If a wood substrate is used as part of a table directly exposed to high heat, normal design precaution would be to use a layer of mineral wool, or fiberglass insulation between wood and metal outer surface.
Severe application might require water cooled plates under table top.

Lots of options. Once you know how much temp and how long, a solution can be developed. :)

Best Luck.

-- I'm an engineer not a woodworker, but I can randomly find useful tools and furniture inside a pile of lumber!

View GeorgeInNWFla's profile

GeorgeInNWFla

43 posts in 1822 days


#7 posted 08-14-2018 04:39 AM

Thanks for the reply, Klutz :) The machine itself heats up to 375° to do it’s thing, not the ambient temperature around it. They’ve had it sitting on a fold up party table (typical laminated particle board top) for a few months now, so the risk of combustion from the heat coming from the machine isn’t a concern. I’m just worried about the finish melting/wearing off like it did with the laptop desk I made a while back.

-- Leave out the fiction. The fact is this friction will only be worn by persistence. Leave out conditions. Courageous convictions will drag the dream into existence.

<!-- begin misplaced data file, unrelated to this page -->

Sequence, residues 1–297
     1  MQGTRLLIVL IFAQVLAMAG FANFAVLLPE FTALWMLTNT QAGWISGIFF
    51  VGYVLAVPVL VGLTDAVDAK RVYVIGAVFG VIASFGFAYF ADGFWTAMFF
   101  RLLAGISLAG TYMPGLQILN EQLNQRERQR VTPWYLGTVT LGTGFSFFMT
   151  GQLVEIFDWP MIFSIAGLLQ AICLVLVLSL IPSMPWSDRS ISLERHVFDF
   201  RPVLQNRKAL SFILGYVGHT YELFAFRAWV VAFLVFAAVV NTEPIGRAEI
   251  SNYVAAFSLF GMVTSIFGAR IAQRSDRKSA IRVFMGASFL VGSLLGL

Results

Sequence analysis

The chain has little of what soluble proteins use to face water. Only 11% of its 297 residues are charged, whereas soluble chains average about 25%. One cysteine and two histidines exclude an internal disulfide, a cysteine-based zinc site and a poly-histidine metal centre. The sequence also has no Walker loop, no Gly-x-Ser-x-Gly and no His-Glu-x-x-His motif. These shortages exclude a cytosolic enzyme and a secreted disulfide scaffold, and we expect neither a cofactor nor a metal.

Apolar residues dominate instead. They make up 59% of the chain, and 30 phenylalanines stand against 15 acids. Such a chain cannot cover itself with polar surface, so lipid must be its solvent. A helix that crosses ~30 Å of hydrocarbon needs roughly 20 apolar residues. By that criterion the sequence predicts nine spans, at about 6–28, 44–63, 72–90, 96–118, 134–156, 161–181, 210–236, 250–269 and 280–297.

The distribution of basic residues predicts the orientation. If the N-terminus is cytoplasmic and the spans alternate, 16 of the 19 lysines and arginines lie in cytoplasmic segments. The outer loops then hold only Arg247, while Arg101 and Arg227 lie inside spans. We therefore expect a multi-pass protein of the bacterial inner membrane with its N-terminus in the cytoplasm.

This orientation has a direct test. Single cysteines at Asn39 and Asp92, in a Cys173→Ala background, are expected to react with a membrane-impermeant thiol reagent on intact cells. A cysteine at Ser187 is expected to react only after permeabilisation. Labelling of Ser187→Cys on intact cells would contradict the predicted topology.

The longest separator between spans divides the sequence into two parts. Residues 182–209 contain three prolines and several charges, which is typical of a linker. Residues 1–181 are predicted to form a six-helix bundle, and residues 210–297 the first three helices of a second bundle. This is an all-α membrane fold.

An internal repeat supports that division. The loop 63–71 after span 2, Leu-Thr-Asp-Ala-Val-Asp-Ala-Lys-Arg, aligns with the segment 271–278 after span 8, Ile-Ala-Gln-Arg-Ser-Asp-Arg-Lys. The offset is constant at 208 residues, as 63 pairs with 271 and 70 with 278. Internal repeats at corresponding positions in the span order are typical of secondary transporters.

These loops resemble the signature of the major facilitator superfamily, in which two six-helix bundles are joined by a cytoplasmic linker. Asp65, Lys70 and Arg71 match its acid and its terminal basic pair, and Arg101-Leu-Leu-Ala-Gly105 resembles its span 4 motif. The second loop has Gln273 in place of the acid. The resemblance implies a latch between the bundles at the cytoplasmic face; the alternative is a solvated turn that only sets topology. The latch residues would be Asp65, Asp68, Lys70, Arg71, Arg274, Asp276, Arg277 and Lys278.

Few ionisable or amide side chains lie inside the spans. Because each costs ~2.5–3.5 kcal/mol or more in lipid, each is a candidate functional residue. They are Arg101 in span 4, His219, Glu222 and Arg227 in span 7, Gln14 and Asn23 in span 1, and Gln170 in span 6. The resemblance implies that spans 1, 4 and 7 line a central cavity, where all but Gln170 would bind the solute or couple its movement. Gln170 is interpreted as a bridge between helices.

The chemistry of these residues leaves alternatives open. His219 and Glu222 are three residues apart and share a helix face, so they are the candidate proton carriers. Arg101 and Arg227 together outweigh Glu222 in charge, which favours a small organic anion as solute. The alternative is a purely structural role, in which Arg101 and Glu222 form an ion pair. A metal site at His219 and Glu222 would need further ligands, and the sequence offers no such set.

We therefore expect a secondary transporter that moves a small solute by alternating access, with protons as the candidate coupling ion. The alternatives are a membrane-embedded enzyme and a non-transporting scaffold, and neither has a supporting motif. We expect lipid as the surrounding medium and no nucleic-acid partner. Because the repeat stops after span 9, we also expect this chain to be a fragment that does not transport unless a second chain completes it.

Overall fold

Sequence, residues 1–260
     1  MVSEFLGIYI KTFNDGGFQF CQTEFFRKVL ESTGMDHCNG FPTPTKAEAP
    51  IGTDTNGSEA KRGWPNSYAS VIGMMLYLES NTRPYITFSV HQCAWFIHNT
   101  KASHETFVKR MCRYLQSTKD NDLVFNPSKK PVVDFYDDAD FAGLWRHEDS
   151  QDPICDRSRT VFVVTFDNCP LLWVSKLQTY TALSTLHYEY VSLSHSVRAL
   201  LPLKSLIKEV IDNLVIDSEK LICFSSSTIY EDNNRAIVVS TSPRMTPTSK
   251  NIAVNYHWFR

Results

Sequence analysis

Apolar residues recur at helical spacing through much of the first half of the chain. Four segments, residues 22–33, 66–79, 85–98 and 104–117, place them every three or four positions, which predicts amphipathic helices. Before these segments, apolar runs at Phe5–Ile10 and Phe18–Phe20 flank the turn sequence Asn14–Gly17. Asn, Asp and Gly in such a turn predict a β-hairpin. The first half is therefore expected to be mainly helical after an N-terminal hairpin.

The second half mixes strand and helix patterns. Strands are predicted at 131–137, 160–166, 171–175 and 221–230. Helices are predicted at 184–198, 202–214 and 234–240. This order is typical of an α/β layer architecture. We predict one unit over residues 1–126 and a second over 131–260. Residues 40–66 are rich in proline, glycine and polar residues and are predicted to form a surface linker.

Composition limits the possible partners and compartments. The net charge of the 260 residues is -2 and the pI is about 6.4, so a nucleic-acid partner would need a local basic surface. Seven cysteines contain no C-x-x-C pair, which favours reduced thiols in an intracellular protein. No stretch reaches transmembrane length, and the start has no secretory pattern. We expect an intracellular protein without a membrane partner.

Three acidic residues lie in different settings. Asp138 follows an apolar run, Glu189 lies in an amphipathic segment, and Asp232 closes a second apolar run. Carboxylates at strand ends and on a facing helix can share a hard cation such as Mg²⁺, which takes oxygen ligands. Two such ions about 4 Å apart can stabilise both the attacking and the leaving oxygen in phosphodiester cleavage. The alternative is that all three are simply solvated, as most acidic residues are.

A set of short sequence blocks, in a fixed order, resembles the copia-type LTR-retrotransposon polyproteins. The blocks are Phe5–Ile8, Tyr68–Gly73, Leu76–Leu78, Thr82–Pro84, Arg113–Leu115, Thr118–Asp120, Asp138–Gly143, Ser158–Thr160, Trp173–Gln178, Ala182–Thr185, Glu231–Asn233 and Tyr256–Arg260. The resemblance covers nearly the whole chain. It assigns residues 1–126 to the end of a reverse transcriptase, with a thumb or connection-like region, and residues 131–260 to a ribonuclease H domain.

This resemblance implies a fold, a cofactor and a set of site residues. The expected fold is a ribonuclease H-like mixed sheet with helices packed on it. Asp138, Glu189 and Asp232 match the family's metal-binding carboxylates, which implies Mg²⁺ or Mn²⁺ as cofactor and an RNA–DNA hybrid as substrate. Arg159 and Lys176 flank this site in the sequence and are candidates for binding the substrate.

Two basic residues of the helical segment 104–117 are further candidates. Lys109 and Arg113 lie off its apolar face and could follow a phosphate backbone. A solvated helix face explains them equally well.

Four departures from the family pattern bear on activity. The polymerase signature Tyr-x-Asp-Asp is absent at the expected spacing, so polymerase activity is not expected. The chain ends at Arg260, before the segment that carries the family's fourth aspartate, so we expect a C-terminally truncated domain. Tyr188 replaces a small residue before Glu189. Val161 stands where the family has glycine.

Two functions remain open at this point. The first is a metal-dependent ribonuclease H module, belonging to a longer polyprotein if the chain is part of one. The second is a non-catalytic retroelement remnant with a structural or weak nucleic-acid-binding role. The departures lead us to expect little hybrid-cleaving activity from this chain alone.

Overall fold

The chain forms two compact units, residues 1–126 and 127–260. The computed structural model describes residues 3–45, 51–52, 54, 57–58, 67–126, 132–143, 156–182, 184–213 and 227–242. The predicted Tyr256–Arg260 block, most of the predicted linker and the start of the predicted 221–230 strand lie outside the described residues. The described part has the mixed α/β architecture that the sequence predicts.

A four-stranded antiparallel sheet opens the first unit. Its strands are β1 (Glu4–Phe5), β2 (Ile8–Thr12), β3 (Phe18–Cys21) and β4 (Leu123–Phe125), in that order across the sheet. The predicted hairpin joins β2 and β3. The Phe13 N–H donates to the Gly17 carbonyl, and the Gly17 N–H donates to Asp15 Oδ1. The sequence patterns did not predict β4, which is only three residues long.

View Woodknack's profile

Woodknack

12331 posts in 2498 days


#8 posted 08-14-2018 06:04 AM

I own a heat press and have used them since the 80’s, don’t worry about finishes or special materials. Use whatever you would normally use. The upper platen is the heating element and it contacts the lower platen for 15-30 seconds at a time and then rises up so most of the excess heat is way above the table. My press sets on a bare plywood platform. I doubt the temperature of that table rises more than a few degrees.

-- Rick M, http://thewoodknack.blogspot.com/

View oldnovice's profile

oldnovice

7126 posts in 3486 days


#9 posted 08-14-2018 05:38 PM

How about paper?
Richlite is a paper product, much like Paperstone which can take heat up to 350°.
Both of these products are made from recycled paper and “glue”, much like other man made countertops.
Paperstone, I assume this also pertains to Richlite, is easy to work but does require breathing protection during milling and sanding.
And, paper is a wood product!

-- "I never met a board I didn't like!"